Local multiplayers: alive and mooing

Some of the earliest memories I have of gaming revolve around local multiplayers. Like playing Pong against my dad after my grandparents found an old home version in a charity shop; arguing with my brother over who would be Mario and who would get stuck with Luigi; duking it out on Street Fighter with friends at the arcade in a local bowling alley. Good times.

Back then there was no online world. Before I reached my early teens and the internet slowly became a ‘thing’, multiplayer meant friends and family getting together in person – either on the sofa at home or in front of a machine at an arcade – and trying to kill each other digitally. You couldn’t turn on a video game and connect with another player on the other side of the world: you had to be in the same place, in the same room.

Multiplayer gaming is now completely different and local games are all but a thing of the past. Those that do exist can sometimes still require an internet connection to play, leaving out individuals who don’t have access to affordable or reliable broadband. You know that new release you’ve been waiting ages to play because it looks so awesome? Sorry, non-connected gamers – it’s being marketed for its online-only content.

Bullion, video game, island, treasure chests, pirates, swords, palm tree, sand, sea, bulls

I miss the joy of local multiplayer, working together in pixelated adventures and battling in digital wars. It was a shared social experience that created a sense of camaraderie between us: a ‘personal’ event which brought everyone in the room together. While online gaming has enabled us to connect with others from all over the globe, it struggles to entirely recreate that cosy, ‘intimate’ feeling.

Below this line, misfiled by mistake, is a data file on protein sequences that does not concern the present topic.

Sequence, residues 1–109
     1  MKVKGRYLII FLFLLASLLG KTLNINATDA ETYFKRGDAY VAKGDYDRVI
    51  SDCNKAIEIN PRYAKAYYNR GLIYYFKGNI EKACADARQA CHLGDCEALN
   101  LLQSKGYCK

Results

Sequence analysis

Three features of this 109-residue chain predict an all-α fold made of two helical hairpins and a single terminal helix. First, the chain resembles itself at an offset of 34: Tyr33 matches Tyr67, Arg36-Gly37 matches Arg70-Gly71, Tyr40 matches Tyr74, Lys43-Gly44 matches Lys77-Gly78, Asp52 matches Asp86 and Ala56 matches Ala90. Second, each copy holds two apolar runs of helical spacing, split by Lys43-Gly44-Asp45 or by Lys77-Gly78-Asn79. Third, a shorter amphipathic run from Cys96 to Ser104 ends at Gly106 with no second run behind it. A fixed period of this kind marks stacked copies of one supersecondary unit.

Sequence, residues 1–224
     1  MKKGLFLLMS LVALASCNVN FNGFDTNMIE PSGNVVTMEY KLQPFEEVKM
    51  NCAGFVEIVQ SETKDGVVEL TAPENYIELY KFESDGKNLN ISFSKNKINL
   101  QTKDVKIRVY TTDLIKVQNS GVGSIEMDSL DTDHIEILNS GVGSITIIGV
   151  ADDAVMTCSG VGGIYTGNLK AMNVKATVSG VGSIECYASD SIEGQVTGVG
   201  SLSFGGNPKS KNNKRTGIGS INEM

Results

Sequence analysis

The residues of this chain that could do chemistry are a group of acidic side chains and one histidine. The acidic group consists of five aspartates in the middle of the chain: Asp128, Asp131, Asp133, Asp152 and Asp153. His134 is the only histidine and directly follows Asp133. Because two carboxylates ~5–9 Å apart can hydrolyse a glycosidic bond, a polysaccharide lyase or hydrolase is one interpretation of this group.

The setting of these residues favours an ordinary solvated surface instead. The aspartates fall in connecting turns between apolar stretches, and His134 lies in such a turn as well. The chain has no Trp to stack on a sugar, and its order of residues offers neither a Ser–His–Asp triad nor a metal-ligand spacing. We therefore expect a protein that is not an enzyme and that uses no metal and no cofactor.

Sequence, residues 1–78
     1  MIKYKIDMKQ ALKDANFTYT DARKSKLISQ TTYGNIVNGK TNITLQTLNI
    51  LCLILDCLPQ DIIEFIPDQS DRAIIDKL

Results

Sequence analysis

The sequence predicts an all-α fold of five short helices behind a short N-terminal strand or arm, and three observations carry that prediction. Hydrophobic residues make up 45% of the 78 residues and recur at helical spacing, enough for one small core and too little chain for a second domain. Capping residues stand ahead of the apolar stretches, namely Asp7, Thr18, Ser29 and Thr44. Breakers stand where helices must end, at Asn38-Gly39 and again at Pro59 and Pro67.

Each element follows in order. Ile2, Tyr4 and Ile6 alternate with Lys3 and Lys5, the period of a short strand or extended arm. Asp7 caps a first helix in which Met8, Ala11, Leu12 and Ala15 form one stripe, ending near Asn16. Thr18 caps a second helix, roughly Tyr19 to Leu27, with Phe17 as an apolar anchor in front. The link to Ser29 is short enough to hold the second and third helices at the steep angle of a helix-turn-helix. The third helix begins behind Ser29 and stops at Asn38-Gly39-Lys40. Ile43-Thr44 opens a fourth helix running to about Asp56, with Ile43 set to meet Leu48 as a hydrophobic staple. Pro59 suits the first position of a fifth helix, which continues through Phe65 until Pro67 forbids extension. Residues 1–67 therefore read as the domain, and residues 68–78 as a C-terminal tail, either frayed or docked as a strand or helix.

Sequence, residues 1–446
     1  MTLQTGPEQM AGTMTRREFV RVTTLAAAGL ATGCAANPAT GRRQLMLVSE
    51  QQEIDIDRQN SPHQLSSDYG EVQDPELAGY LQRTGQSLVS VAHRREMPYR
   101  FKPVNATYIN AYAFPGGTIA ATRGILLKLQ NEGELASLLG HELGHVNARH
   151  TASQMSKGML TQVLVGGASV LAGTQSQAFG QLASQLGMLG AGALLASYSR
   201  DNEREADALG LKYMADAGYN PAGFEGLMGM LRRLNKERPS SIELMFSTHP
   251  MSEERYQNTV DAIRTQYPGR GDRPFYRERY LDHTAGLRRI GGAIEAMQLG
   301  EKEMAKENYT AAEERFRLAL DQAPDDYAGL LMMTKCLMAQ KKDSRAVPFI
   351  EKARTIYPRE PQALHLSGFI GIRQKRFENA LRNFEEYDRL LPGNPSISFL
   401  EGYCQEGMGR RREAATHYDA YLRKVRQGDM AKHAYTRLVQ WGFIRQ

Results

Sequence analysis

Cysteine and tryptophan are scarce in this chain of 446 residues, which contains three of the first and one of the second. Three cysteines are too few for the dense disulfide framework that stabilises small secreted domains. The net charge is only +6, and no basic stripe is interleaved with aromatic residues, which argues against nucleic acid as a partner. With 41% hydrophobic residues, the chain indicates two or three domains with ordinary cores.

Perhaps that’s why I was pleasantly surprised when Matthew and Ben from Leda Entertainment coaxed us into playing Bullion as we walked through the doors at last month’s GEEK expo. I’m not going to deny it: billed as a game of ‘fighting, looting and bovine piracy’, this isn’t a release I’d usually be drawn to. But something happened as I sat down with my other-half and stepson and we each picked up a controller.

Players take on the role of Captain Long John Silverside and his crew of scurvy sea-bulls as they land on the legendary Islands of Ser-LLoyn and incur the wrath of the gods. The aim of the game is to smash the chests and grab as much treasure as you can, while outsmarting your opponents and avoiding the skeletons. It’s every bull for themselves and, as the official website states, only one may survive the curse of the cutthroat cattle.

‘Rematch!’ I yelled after Ethan beat both Pete and I twice. My stepson came out on top during each of our three goes and we still can’t figure out how he did it; we may have gone easy on him during the first round but then things became a little more competitive. Here was a simple game, quite innocent and without all the realistic graphics or complicated mechanics, and it was managing to inspire that same friendly competition I’d experienced with my family all those years ago.

I think it’s important for us to show Ethan these experiences. As I commented on a recent post by Wakalapi, it’s so easy for him to view gaming as friends as a solitary activity completed on a small mobile screen; and while that has its place, it misses something vital. Gaming can be so much more than just a method of passing the time: it can be a way of bringing friends and family together, and creating fond memories.

So thank you to the guys from Leda Entertainment for bringing Bullion to GEEK and for encouraging us to play as we walked by. And more importantly, for showing us that the local multiplayer is still alive and mooing.